2008 MiningtheWebtoCreateSpecialized

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Subject Headings: Term Definition Generation, TermExtractor, GlossExtractor.

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Abstract

Glossaries are helpful for integrating information, reducing semantic heterogeneity, and facilitating communication between information systems. Commercial publishers charge lexicographers with building glossaries, but this isn't appropriate when a domain's semantics are continuously evolving rather than precisely characterized, as in emerging Web communities and interest groups. In emerging domains, glossary building is the cooperative effort of a team of domain experts. It involves several steps, including identifying the domain-relevant terminology, defining each term, and harmonizing the results. This is a time-consuming, costly process that often requires support from a collaborative platform to facilitate shared decisions and validation. TermExtractor and GlossExtractor, two Web applications based on Web mining techniques, support this complete glossary-building procedure. The tools exploit the Web's evolving nature, allowing one to continually update the emerging community's vocabulary. TermExtractor and GlossExtractor, which were used in the European project Interop, are freely available and are being used in experiments in different domains across the world. This article is part of a special issue on Natural Language Processing and the Web.

Related work in glossary extraction

In the past few years, the Web has been a valuable resource for extracting several kinds of information (such as terminologies, facts, and social-networking information) to aid text-mining methods. Nonetheless, automatic-glossary-extraction literature, especially from the Web, isn’t very rich. Atsushi Fujii and Tetsuya Ishikawa presented a method that extracts fragments of Web pages using patterns typically used to describe terms.[1] They used an n-gram model to quantify how well formed a given text fragment was. Although they used a clustering approach to identify the most representative definitions, they didn’t perform domain-based selection. Youngja Park, Roy Byrd, and Branimir Boguraev’s method, implemented in the GlossEx system, extracts glossary items (that is, a terminology) on the basis of a pipeline architecture.[2] This method performs domain-oriented filtering that improves over the state of the art in terminology extraction; nonetheless, it provides no means for learning definitions for the extracted terms. Judith Klavans and Smaranda Muresan’s text-mining method, the Definder system, extracts definitions embedded in online texts. [3] The system is based on pattern matching at the lexical level and guided by cue phrases such as “is called” and “is defined as.” However, as in Fujii and Ishikawa’s method, the Definder system applies patterns in an unconstrained manner, which implies low precision when applied to the Web, rather than a domain corpus.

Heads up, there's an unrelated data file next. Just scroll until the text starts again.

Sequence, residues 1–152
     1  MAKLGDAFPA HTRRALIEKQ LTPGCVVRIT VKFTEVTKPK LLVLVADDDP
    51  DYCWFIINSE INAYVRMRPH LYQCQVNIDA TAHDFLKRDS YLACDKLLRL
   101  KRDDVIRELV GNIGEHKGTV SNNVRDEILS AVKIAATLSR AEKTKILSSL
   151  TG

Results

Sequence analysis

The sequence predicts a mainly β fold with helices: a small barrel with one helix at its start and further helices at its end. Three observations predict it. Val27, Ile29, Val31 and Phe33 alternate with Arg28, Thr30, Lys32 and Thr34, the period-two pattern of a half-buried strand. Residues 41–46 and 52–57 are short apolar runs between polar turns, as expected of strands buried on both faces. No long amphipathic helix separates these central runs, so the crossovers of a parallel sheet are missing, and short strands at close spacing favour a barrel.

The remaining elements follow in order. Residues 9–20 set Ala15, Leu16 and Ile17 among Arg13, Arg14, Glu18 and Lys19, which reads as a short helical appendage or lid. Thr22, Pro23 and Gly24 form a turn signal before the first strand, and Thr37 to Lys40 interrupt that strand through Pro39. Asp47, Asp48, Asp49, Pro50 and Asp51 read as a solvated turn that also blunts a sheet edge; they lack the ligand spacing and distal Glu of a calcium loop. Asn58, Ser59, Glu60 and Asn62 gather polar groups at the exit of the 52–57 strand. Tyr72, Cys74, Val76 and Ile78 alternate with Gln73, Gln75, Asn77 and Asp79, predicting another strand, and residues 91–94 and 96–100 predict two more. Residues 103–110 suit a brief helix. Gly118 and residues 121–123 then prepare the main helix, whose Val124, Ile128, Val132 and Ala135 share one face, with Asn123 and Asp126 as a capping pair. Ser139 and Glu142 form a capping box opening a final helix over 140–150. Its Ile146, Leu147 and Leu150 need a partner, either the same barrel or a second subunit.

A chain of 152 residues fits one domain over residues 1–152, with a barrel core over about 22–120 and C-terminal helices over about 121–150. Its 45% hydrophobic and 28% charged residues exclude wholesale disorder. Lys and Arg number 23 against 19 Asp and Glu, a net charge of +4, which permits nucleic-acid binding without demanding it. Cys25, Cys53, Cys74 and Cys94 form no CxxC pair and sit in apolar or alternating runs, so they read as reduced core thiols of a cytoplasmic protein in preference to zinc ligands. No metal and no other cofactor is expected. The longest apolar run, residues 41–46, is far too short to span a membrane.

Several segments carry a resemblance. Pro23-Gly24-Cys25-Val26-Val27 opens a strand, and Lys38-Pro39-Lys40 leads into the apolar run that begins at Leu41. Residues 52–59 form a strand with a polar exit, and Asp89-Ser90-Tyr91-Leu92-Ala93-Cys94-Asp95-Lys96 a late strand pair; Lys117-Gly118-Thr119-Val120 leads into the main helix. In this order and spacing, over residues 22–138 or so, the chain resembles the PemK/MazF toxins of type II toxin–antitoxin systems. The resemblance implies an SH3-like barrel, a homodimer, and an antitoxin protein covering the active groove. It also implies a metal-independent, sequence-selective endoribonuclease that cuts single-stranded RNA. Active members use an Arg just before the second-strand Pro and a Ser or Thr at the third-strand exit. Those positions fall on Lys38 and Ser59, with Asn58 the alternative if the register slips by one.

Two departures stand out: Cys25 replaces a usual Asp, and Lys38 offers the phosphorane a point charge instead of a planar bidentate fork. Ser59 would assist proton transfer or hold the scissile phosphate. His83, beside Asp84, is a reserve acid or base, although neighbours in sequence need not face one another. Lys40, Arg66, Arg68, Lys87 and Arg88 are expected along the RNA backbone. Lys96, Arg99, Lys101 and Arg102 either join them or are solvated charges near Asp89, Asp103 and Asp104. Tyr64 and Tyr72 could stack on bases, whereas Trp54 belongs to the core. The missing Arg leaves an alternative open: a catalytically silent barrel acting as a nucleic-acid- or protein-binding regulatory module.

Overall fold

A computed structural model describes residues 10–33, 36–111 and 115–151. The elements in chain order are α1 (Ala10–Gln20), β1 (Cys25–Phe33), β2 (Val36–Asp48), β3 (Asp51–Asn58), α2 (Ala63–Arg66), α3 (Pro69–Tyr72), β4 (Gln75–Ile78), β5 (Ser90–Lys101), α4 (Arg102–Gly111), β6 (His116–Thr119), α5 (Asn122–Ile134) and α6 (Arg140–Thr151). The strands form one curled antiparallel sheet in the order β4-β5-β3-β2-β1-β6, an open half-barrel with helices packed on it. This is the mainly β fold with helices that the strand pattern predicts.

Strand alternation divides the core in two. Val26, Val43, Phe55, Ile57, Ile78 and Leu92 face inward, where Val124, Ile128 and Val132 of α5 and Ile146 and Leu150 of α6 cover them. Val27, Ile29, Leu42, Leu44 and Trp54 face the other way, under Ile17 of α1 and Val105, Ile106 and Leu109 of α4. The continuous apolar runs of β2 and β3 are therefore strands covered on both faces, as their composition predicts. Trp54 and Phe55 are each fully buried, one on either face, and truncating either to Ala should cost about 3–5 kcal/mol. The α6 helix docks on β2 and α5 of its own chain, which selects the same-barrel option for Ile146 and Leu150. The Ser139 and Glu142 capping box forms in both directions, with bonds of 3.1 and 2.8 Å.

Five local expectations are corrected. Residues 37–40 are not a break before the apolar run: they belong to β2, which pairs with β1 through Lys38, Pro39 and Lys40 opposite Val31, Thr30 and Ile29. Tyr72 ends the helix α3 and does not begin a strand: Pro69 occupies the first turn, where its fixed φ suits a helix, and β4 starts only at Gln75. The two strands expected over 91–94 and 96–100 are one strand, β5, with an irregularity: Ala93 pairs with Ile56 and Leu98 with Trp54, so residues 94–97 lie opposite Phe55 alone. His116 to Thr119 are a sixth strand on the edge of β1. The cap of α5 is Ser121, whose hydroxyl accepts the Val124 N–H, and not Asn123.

A closely related problem to glossary extraction is opendomain definitional question answering (QA), which focuses on unconstrained “who is X?” and “what is X?” questions. Many QA approaches — especially those evaluated in the TREC (Text Retrieval Conference, http://trec.nist.gov) evaluation competitions — require the availability of training data, such as large collections of sentences tagged as “definitions” or “nondefinitions.” Applying supervised approaches[4] [5] to glossary extraction in emerging domains would be costly and time-consuming. Ion Androutsopoulos and Dimitrios Galanis propose a weakly supervised approach in which feature vectors associated with each candidate definition are augmented with automatically learned patterns.[6] Patterns are n-grams that surround a term for which a definition is sought. Horacio Saggion’s method extracts definitions from a large corpus using lexical patterns coupled with a search for cue terms that recur in dictionary and encyclopedic definitions of the target terms.[7]

A recent article proposes using probabilistic lexico-semantic patterns (called soft patterns) for definitional QA. [8] These patterns cope better with the diversity of definition sentences than predefined patterns (or hard patterns) can. The authors evaluated the method on data sets made available through TREC. However, we must outline some important differences of glossary extraction with respect to the TREC “what is” task.